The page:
Bioxydyn, a magnetic resonance imaging (MRI) applications and imaging services provider, is a good example of how patents proved key to attracting investment. Founded in 2009 as a spin-out from the University of Manchester, UK, Bioxydyn uses advanced MRI technology to evaluate lung diseases, including cystic fibrosis, asthma and cancer. Although there had been plenty of academic research into the technology in the years before Bioxydyn was founded, further research identified a way to transform this technology into a clinically practical tool by, among other things, applying novel biophysical models of lung ventilation (the capacity of the lung to receive gas) and perfusion (the blood supply to the lung at the capillary level) to the information available in the images. This made it possible for those viewing the images to draw conclusions about lung health.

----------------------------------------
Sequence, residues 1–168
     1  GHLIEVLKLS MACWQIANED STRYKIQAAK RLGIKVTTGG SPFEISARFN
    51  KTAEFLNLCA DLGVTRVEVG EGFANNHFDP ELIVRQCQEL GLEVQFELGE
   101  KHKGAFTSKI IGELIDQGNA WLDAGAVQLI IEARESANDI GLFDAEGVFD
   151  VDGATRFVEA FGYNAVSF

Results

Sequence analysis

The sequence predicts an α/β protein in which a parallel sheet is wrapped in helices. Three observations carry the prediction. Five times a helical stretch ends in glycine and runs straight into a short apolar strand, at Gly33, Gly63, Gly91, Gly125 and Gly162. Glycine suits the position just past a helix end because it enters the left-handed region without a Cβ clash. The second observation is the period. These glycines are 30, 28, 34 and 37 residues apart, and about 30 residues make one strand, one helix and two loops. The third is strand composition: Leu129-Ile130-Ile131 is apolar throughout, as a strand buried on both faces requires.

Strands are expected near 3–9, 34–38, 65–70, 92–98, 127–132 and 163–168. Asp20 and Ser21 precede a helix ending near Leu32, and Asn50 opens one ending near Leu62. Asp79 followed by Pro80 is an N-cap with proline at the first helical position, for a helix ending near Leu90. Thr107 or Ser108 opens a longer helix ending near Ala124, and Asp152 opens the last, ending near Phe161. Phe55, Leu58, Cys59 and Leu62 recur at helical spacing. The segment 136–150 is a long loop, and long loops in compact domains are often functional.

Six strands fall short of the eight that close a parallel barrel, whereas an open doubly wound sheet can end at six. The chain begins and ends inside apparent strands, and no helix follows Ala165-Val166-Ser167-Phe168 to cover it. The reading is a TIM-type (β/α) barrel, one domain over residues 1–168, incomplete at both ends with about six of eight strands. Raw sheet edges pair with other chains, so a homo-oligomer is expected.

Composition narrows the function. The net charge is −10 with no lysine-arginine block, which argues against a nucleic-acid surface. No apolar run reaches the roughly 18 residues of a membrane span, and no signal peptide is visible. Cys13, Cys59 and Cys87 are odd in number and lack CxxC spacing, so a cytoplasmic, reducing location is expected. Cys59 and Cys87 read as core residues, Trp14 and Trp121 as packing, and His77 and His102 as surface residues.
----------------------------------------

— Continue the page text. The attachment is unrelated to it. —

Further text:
Once the Bioxydyn researchers had developed a technique that could prove commercially viable, Manchester’s technology-transfer office encouraged them to consider the patenting process as a means of bringing their technology to market. Following seed investment from a venture-capital fund, the company secured its first service contract with a major international pharmaceutical company in 2011 and has been growing steadily ever since. It is now on the path to acquiring European regulatory approval marking for its technology and launching its first clinical product.
Protecting the right things